Writer / Artist
Depresso graphic novel review
  • UK publisher / ISBN: Knockabout - 978-086166-170-1
  • Release date: 2010
  • UPC: 9780861661701
  • Contains adult content?: yes
  • Does this pass the Bechdel test?: yes
  • Positive minority portrayal?: yes

Cartoonist Brick (John Stuart Clark to his parents) has a career stretching back to the late 1970s, but this is his first graphic novel. As the title indicates, it deals with his depression, which for him manifests first as testicular pain, before progressing to a hallucinogenic state where Brick is conversing with himself as a large white lizard.

The spartan and glum cover may reflect the topic, but it’s rather at odds with the interior content. Brick’s background in single panel cartoon statements is very apparent to begin with, as there’s little panel to panel continuity. Instead we have a read that’s denser than usual as he attempts to pack a visual or verbal gag into almost every panel. When he opens up into crowded half page scenes it brings to mind the European style cartoon storytelling of Morris or Uderzo, with almost impossibly busy pictures. Depresso, though, is a learning process and as it continues it expands artistically as Brick finds ways to illustrate his experience and his vivid nightmares.

The book also opens out narratively. An extended interlude in China, for instance, seems for some while better suited to a separate travelogue, but Brick eventually pulls this together with a discourse on how the Chinese approach depression. It’s astonishing to learn that it wasn’t officially recognised as a condition until very recently.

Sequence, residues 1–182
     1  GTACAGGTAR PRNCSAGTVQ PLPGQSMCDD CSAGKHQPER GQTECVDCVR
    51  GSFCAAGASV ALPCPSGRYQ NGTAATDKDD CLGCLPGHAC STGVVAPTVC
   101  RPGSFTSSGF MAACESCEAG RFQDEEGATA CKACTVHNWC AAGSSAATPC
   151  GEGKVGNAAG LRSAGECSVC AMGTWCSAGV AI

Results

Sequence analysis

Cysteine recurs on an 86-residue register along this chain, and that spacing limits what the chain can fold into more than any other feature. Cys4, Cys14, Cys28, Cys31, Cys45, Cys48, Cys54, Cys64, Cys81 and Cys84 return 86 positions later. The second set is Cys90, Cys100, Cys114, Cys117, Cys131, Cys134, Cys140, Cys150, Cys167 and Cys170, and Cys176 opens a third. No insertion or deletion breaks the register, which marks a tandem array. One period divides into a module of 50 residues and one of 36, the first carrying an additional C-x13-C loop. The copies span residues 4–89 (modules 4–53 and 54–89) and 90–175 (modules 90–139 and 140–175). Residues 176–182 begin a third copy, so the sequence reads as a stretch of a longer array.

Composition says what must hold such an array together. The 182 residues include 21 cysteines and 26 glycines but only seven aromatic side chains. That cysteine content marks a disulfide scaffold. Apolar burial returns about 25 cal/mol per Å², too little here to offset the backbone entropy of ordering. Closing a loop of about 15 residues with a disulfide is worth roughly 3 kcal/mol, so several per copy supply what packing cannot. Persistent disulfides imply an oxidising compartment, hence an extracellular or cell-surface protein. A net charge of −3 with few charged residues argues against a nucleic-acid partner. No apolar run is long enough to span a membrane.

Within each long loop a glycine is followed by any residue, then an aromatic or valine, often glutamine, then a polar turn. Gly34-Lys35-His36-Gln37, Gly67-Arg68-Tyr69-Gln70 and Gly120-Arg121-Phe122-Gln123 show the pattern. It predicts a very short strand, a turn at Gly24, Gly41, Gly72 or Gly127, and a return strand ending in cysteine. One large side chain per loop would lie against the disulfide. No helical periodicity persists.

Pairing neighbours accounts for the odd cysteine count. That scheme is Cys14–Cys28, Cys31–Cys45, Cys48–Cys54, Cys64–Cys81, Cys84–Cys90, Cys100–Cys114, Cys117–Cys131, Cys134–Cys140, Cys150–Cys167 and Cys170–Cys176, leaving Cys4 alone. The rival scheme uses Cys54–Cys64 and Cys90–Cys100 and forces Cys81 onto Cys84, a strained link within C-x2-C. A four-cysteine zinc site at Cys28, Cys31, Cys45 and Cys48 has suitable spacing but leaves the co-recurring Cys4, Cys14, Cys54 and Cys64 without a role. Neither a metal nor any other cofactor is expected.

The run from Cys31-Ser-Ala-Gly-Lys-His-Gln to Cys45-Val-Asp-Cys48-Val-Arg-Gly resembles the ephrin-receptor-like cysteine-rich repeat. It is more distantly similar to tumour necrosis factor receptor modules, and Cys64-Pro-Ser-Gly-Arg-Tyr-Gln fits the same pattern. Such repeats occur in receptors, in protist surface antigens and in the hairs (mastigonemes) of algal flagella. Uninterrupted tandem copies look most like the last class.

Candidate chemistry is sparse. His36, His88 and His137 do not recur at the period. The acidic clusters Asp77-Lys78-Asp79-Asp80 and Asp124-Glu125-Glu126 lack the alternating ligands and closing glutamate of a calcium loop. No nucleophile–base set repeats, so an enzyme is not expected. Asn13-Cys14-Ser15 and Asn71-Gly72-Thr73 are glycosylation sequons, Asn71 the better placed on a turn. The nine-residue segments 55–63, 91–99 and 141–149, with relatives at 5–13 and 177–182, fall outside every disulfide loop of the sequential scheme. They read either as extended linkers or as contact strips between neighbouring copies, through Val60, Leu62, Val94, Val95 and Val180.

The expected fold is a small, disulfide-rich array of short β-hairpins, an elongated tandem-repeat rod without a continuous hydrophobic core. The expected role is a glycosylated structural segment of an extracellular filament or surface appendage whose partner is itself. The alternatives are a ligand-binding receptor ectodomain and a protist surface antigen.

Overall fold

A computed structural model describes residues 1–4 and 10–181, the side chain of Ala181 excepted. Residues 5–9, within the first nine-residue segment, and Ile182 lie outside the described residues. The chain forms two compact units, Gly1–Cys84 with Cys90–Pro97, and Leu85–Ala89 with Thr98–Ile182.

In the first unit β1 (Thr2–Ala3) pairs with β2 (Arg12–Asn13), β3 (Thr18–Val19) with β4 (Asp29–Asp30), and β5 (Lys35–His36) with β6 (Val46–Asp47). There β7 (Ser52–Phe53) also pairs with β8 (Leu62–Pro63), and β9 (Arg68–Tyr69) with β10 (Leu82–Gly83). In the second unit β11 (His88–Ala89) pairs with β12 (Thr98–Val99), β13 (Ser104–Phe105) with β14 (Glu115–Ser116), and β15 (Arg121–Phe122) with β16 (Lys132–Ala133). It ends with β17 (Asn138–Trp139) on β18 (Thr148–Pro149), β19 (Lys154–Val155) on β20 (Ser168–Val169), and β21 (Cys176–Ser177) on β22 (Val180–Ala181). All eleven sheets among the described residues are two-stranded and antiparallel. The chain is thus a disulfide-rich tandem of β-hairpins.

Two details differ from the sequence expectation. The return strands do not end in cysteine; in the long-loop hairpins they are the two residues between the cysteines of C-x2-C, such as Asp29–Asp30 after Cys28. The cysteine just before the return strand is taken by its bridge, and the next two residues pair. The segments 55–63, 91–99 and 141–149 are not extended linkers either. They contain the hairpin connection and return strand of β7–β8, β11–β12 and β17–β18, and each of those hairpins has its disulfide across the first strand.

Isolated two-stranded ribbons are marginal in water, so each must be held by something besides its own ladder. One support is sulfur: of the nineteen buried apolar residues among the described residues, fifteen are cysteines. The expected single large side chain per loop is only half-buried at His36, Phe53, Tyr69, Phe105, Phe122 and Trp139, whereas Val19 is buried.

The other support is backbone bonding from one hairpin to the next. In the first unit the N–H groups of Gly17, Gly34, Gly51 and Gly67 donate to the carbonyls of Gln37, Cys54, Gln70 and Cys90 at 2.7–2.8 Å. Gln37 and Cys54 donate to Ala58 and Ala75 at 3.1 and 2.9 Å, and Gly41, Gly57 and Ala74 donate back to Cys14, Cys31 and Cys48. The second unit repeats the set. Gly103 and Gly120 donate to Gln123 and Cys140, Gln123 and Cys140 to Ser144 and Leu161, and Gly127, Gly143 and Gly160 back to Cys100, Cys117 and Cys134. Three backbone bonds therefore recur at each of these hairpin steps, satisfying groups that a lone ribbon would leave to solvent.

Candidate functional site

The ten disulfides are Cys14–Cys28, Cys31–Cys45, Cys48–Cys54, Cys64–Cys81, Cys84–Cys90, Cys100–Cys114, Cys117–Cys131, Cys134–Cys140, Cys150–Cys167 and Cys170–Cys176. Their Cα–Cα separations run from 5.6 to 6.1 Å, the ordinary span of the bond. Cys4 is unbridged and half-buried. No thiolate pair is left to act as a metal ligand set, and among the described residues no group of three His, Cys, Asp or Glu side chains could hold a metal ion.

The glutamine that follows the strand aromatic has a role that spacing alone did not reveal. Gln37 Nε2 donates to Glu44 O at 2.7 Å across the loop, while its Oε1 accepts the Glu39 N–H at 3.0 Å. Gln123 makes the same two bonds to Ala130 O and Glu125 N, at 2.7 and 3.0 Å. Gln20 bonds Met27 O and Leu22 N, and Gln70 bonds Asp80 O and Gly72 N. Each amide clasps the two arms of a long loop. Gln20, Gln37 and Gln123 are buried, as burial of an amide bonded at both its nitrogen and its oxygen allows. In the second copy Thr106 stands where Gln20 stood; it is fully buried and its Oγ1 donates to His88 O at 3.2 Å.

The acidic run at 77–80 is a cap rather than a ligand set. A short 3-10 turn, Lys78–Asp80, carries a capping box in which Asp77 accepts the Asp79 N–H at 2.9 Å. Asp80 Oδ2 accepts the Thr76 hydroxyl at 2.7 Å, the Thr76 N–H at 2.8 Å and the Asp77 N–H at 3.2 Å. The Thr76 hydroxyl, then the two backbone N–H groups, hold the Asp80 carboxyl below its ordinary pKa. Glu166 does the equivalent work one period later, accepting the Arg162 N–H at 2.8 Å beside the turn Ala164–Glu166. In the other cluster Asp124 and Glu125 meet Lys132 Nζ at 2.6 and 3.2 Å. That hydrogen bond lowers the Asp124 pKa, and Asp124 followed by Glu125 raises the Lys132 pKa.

Brick narrates as a self-caricature from the start, but the manner in which he inflates his repertoire and approach creates a veritable scrapbook in the manner of Bryan Talbot’s Alice in Sunderland. We have a capable Peanuts pastiche, photographs, detours into the treatment of mental illness through the ages and assorted imaginative methods of conveying the almost impossible. Not all the cartooning, though, is first rate. The caricatures would be unrecognisable without associated reference, and at times the book would benefit from easing the pace in preference to constantly shoehorning in gags or exaggeration. Yet this is such a personal undertaking, that it’s possibly the only way in which Depresso could have been completed.

The entirety gradually builds into a grim picture of mental health treatment in 21st century Britain, one where the chemical cocktail with only a slim chance of working is the first and largely sole resort. Problems that aren’t visible, are considered negligible, and Brick’s honest enough to concede this had been his attitude in the past. Support services are few, and being referred to a therapist can take years.

Not everything detailed is Brick’s own experience, the reason for using the possibly allegorical identity of Tom Freeman, but he approaches Joe Matt levels of unsavoury self-revelation as an essential facet of building an honest narrative. By the book’s end we’ve been treated to a comprehensive analysis of depression, the various forms of treatment, and Brick himself.

Given the prevailing lack of understanding about depression, Depresso is a book that may be useful to many people as well as entertaining, if only to show there can be light at the end of the tunnel. Job well done.